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Interactions between lifestyle-related factors and the ApoE polymorphism on plasma lipids and apolipoproteins: The ears study

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Author: Boer, J.M.A. · Ehnholm, C. · Menzel, H.J. · Havekes, L.M. · Rosseneu, M. · O'Reilly, D.S.J. · Tiret, L.
Institution: Gaubius Instituut TNO
Source:Arteriosclerosis, Thrombosis, and Vascular Biology, 9, 17, 1675-1681
Identifier: 234084
Keywords: Biology · Adiposity · Apolipoprotein · Apolipoprotein E polymorphism · Lifestyle · Lipids · Apolipoprotein · Apolipoprotein b · Apolipoprotein e · Apolipoprotein e2 · Apolipoprotein e3 · Cholesterol · Cholesterol oleate · Linoleic acid · Lipid · Polyunsaturated fatty acid · Saturated fatty acid · Triacylglycerol · Adult · Alcohol consumption · Anthropometry · Body mass · Cigarette smoking · Controlled study · Female · Genetic polymorphism · Human · Lifestyle · Lipid blood level · Major clinical study · Male · Phenotype · Physical activity · Priority journal · Adolescent · Adult · Apolipoprotein E4 · Apolipoproteins · Apolipoproteins B · Apolipoproteins E · Body Mass Index · Cholesterol Esters · Coronary Arteriosclerosis · Female · Heterozygote · Humans · Life Style · Lipids · Male · Polymorphism, Genetic · Risk Factors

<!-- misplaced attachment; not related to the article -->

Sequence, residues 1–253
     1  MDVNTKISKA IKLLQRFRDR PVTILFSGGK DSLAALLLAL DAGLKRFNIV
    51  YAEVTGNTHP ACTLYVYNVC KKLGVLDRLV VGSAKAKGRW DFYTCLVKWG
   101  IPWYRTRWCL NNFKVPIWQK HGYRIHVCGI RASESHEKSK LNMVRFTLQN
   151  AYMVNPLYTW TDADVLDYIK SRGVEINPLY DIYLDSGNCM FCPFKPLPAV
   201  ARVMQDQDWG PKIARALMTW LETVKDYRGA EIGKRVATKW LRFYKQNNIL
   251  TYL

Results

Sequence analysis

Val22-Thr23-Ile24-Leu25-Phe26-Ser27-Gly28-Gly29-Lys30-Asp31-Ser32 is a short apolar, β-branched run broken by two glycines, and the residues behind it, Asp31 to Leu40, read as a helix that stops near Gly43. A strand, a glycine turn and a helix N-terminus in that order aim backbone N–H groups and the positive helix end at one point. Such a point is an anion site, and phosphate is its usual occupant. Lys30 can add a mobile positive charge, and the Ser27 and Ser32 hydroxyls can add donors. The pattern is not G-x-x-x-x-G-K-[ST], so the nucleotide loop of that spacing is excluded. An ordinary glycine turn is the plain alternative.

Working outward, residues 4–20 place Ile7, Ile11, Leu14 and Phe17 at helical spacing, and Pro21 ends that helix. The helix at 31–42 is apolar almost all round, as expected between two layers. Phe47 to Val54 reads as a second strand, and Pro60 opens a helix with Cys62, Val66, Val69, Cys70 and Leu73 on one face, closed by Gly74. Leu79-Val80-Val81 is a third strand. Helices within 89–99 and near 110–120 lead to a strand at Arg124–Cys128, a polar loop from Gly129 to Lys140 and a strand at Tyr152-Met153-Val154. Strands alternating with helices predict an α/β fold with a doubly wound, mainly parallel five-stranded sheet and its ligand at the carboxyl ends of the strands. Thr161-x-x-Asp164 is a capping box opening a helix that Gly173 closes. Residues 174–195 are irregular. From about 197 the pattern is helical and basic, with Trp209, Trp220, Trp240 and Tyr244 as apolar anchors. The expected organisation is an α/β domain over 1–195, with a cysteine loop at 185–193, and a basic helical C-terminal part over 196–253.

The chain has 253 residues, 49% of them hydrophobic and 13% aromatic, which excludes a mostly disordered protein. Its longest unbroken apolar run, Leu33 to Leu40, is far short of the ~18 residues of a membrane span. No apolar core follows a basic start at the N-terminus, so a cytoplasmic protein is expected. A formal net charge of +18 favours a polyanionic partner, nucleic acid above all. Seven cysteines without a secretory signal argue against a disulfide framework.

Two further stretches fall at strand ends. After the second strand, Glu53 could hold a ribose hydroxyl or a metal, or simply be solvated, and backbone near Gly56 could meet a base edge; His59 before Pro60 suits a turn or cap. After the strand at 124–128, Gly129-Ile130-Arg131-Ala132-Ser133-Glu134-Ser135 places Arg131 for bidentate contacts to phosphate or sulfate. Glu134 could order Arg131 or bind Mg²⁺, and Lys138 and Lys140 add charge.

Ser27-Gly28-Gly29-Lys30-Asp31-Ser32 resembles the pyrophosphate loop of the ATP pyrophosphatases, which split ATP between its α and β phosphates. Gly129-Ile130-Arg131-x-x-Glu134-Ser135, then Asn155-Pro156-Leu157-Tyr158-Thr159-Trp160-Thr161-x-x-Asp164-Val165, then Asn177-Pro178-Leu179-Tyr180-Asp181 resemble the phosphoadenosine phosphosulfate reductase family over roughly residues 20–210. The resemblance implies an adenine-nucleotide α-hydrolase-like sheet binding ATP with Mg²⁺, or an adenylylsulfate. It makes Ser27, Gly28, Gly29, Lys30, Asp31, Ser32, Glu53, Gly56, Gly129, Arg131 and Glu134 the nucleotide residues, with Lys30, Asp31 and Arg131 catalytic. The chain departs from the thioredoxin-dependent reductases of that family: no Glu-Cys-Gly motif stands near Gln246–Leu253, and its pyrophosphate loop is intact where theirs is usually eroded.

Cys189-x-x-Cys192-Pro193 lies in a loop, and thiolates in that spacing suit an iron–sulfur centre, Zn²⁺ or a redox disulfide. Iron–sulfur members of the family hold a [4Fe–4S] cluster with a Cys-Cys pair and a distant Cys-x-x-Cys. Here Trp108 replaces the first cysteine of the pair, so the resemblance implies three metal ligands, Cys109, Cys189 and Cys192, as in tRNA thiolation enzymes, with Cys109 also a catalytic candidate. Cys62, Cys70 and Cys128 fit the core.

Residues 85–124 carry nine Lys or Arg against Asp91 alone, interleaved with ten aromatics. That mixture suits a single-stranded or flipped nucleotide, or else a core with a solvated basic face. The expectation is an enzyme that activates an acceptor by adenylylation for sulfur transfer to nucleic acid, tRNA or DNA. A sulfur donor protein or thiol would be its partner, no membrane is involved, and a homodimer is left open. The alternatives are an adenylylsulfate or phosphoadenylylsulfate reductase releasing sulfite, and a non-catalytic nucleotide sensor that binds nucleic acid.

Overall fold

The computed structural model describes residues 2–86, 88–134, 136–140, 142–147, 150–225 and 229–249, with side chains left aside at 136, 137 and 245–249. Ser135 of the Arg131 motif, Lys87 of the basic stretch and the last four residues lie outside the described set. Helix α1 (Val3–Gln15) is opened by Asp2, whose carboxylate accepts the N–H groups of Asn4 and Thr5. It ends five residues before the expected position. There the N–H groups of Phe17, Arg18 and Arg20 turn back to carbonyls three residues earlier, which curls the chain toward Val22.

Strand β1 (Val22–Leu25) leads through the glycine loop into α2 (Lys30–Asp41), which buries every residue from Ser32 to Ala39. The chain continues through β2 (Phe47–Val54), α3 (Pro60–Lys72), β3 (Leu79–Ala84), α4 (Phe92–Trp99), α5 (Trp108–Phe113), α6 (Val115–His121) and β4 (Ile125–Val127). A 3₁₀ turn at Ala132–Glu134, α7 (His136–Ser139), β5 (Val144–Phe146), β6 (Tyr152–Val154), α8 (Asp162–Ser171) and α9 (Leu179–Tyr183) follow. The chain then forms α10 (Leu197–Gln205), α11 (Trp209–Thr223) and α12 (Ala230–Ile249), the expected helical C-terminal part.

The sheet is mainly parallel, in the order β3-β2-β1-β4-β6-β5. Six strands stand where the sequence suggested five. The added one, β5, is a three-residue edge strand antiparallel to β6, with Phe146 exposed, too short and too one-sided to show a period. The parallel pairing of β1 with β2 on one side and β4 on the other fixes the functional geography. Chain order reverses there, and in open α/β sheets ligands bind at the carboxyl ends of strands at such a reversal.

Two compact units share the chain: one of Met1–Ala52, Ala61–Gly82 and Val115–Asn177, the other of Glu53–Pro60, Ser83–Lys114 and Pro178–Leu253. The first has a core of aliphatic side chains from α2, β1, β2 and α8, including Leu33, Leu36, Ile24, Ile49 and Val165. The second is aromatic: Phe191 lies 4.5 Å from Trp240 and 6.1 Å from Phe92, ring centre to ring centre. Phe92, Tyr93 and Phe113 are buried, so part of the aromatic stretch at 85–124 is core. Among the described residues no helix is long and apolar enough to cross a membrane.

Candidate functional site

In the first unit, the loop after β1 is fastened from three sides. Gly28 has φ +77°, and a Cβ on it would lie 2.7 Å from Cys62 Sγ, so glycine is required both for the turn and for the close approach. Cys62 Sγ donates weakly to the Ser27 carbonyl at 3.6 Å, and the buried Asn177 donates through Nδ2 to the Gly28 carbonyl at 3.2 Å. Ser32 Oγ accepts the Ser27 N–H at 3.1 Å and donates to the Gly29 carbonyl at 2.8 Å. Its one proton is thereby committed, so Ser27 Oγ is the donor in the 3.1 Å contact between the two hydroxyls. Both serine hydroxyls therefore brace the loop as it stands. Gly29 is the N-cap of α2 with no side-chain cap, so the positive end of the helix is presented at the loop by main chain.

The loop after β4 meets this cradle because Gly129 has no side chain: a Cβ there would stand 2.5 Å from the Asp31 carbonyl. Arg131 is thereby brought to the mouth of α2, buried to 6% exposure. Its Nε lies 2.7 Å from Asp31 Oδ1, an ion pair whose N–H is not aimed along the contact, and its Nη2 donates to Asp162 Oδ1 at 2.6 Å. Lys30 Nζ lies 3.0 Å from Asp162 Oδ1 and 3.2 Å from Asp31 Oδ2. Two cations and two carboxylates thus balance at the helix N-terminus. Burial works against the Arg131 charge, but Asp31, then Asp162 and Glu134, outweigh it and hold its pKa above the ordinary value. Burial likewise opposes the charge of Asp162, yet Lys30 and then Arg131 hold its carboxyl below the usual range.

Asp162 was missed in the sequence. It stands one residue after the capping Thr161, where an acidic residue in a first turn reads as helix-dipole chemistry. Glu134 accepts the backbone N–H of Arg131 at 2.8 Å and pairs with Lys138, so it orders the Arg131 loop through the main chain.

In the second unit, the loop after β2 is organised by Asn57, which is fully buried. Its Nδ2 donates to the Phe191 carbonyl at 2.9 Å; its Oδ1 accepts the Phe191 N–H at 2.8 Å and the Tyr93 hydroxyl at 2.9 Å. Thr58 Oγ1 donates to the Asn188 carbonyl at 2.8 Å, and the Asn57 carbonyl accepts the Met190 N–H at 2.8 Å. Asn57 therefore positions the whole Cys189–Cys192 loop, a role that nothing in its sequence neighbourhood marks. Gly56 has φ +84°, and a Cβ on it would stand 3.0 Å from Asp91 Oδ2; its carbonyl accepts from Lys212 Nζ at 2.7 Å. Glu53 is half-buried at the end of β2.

To elucidate how the apolipoprotein (apo)E polymorphism and modifiable factors interact in explaining plasma lipid and apolipoprotein levels, we studied 1448 young adults (18 to 26 years old), participating in the European Atherosclerosis Research Study (EARS). Venous blood was collected after an overnight fast. Modifiable factors, eg, body mass index (BMI), waist-to-hip ratio (WHR), tobacco and alcohol consumption, and physical activity, were determined by using standardized protocols. Associations of modifiable factors with apoE levels were homogeneous across apoE phenotypes. In contrast, correlations of BMI with total cholesterol and apoB levels, as well as correlations between WHR and apoB, were significantly (P<.05 to P<.01) stronger in E2 carriers than in subjects with other phenotypes. Total cholesterol and apoB levels were comparable in E2 carriers in the upper tertile of BMI or WHR to those in E3/3 subjects, suggesting that the lowering effect of the E2 allele was no longer present. The inverse association between the plasma cholesteryl linoleate-to-oleate ratio, a marker for the dietary polyunsaturated-to-saturated fatty acid ratio, and triglycerides was also stronger in E2 carriers (-0.33 versus -0.17 in E3/3 and -0.24 in E4 carriers). Associations with other modifiable factors were notably consistent across apoE phenotypes. Gender and modifiable factors explained three times more (31%) of the interindividual variation in apoB levels in E2 carriers than in E3/3 subjects (9%) or E4 carriers (14%), mainly due to a larger variance explained by BMI. Our results suggest that the apoE polymorphism acts in a relatively uniform manner, independently of lifestyle. However, the associations of adiposity to total cholesterol and apoB levels appear to be stronger in apoE2 carriers. Chemicals/CAS: Apolipoprotein E4; Apolipoproteins B; Apolipoproteins E; Apolipoproteins; Cholesterol Esters; cholesteryl linoleate, 604-33-1; cholesteryl oleate, 303-43-5; Lipids